Since the early days after the triumph of the Islamic Revolution, the debate over the possibility of a female president in Iran has been one of the most important political topics in the country. This has also been among the most challenging subjects for women in particular.
So far, the Guardian Council, the institution charged with interpreting the constitution, has done little to clarify the definition of the key term rejal (the plural form of the Farsi word rajol) in Article 115 of the Iranian constitution, which is often translated as ‘personalities.’ The continuation of this ambiguity by the Guardian Council seems to be rooted in pragmatism.
According to Article 115, the president must be elected from the religious and political rejal, must be of Iranian origin, must be prudent and a good manager, and must have and impeccable background and be trustworthy and pious. The president must be faithful to the doctrine of the Islamic Republic and the country’s official religion, Shi’a Islam.
Azam Taleghani nominated herself to compete in the 7th presidential election in 1997, saying she wanted “to clarify the role of the rejal.” This year, 30 women have nominated themselves for the presidency, compared with 656 men.
Despite female activists’ numerous efforts and the positive political and jurisprudential opinions by some ayatollahs and ulema (Islamic scholars), the definition of rejal remains unclear. The ambiguity of this word, which seems to have been deliberately chosen by the framers of the constitution, is still the topic of discussion and debate.
Although the subjects of women and politics, women and political power and women and the presidency have always been debated in academia, from the 1997 presidential election onwards the debate over the acceptance of female candidates standing alongside male counterparts has been a concern for different media outlets, political and theological groups.
To date, Iranian officials have maintained that they have disqualified candidates because of their lack of expedience, without mentioning their gender. Ayatollah Mohammad Yazdi has recently broken with this precedent, and the reason for disqualifying women became clear.
Ayatollah Yazdi, one of the Guardian Council’s clerical members, said last week: “The law does not allow women to become president. There are ten, twelve women amongst the registered candidates and one of them has said, ‘If I become a president, half of my cabinet members will be women and the other half will be men.’ There is a well-known saying that someone once wanted to enter a village in which he was not allowed, but he kept asking, ‘Where is the chief’s house?’ The law does not allow women to become president; how come this individual has already established her cabinet?”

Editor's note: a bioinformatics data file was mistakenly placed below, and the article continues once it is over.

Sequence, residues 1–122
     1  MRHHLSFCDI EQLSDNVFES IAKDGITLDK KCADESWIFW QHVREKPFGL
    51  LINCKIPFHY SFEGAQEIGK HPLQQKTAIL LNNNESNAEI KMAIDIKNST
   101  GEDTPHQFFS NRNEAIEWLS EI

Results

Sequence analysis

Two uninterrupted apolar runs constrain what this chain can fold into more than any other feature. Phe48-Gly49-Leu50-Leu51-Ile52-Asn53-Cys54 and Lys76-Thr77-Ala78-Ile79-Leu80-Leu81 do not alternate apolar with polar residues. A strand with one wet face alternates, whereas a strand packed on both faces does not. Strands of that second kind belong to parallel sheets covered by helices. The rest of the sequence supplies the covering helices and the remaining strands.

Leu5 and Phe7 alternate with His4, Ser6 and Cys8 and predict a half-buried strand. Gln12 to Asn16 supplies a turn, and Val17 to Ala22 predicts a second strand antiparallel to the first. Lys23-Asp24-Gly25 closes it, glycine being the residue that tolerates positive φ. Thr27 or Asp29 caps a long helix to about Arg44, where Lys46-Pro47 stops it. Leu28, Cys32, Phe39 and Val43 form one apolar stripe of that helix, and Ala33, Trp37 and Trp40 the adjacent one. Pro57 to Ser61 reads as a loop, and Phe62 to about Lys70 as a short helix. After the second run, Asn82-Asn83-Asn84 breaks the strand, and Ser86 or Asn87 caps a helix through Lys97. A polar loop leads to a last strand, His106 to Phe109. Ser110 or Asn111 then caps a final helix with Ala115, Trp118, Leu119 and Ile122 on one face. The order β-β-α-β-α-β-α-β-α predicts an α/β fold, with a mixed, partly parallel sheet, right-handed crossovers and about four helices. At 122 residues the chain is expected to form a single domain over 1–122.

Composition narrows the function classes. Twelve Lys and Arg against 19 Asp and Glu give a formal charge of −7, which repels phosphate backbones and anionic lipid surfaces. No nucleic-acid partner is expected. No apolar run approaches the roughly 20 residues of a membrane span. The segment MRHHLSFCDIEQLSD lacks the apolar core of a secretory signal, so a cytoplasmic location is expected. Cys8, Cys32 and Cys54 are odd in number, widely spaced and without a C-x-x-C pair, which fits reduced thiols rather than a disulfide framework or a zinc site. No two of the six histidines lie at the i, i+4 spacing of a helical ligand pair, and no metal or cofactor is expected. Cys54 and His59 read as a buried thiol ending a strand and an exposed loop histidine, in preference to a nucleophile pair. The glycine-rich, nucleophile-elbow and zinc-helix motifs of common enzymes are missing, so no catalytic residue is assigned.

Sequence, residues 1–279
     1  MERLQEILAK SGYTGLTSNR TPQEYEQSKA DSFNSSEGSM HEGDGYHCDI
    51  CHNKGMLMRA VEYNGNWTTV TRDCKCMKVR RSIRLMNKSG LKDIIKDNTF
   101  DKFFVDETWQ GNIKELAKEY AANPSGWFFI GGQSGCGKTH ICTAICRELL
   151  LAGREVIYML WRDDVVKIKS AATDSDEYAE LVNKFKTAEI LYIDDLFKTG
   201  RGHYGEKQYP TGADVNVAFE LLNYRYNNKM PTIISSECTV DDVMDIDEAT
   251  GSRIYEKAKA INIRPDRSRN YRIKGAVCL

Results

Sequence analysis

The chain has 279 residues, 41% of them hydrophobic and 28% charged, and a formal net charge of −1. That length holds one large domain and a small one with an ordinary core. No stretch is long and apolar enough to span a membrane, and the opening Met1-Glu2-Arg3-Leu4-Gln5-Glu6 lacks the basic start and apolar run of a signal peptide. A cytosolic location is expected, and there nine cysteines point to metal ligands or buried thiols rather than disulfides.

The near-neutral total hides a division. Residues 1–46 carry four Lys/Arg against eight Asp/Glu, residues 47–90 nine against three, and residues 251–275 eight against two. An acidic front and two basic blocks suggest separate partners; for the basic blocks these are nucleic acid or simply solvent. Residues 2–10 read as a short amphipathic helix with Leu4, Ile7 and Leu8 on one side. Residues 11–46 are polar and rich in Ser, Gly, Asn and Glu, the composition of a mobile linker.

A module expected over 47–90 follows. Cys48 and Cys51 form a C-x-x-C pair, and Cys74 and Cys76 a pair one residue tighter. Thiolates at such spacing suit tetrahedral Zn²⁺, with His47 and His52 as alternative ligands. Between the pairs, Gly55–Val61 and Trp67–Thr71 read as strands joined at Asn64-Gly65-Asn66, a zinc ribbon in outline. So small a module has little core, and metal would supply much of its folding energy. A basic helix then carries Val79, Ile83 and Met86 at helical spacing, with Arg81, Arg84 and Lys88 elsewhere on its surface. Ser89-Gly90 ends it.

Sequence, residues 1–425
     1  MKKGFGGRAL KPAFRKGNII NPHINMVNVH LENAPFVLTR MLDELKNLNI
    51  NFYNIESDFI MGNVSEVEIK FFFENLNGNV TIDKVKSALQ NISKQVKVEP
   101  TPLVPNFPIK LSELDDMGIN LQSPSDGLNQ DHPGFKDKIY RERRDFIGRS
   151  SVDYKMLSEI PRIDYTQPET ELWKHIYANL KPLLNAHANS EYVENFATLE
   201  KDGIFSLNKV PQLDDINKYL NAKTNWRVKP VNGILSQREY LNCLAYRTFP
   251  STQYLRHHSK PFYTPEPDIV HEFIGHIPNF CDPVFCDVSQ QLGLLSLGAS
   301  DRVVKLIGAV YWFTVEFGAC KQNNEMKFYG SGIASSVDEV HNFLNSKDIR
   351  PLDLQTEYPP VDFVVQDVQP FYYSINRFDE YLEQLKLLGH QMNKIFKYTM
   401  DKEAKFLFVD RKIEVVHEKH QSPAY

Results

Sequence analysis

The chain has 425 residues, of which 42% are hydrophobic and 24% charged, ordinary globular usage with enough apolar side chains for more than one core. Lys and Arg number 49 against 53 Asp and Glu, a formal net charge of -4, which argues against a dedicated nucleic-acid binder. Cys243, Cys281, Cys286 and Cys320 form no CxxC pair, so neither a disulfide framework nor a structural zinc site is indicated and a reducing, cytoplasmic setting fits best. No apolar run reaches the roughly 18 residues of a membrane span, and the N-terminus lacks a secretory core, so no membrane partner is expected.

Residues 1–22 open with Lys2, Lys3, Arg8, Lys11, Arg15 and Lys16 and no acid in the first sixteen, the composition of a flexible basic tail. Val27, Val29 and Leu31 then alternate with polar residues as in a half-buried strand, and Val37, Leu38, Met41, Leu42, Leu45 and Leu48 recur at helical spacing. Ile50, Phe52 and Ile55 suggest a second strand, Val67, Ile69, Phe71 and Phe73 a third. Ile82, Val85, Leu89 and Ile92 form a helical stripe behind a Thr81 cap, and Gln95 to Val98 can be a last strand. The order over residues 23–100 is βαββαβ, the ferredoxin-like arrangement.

Abbas Ali Kadkhodaei, the spokesman for the Guardian Council, expressed a different opinion in 2009, when he responded to questions on his views on the issue of female candiates, and if women can be considered political and religious rajol.
He said: “No one is forbidden to register and enter into the game. One of the Guardian Council’s constitutional duties has specifically been to review the credentials of the candidates. In the case of political and religious rajol, there were no formal discussions and therefore there was no announcement about our decision.”
“But should we decide to address the issue, then the Guardian Council needs to interpret Article 115 of the Constitution and declare its conclusion. So far, there is no official interpretation of the issue.”
The Guardian Council will likely continue to follow the same course, and avoid a specific ruling on the issue. The Guardian Council has taken no action to prevent women registering for elections in the past, nor is there any specific ban against women.
However, Ayatollah Yazdi is not the first member of the council to have expressed an individual opinion. In previous elections, Gholam Hossein Elham, the Guardian Council’s previous spokesperson, said that the constitution’s wording specifies that the presidential candidates must be men, as well as political rajol.
During the past few years, female activists and anti-discrimination advocates have focused efforts to articulate a broad and gender-free definition of political and theological rajol as someone who is prudent and capable, so as to include women. But it ultimately is the Guardian Council’s duty to interpret the law; thus, all their efforts have so far been futile.
The comprehensive debates in the Constituent Assembly that wrote the 1979 constitution indicate that there were representatives who emphasized that the Constitution should explicitly state that only a male can become president. However, there was a minority group with a different view.
In order to resolve this conflict, the word rejal was eventually suggested and chosen, and the ambiguity surrounding the word has continued until today. It seems improbable that constitutional experts will try to clarify this ambiguity, given the outcry that would result, whichever side they come down on.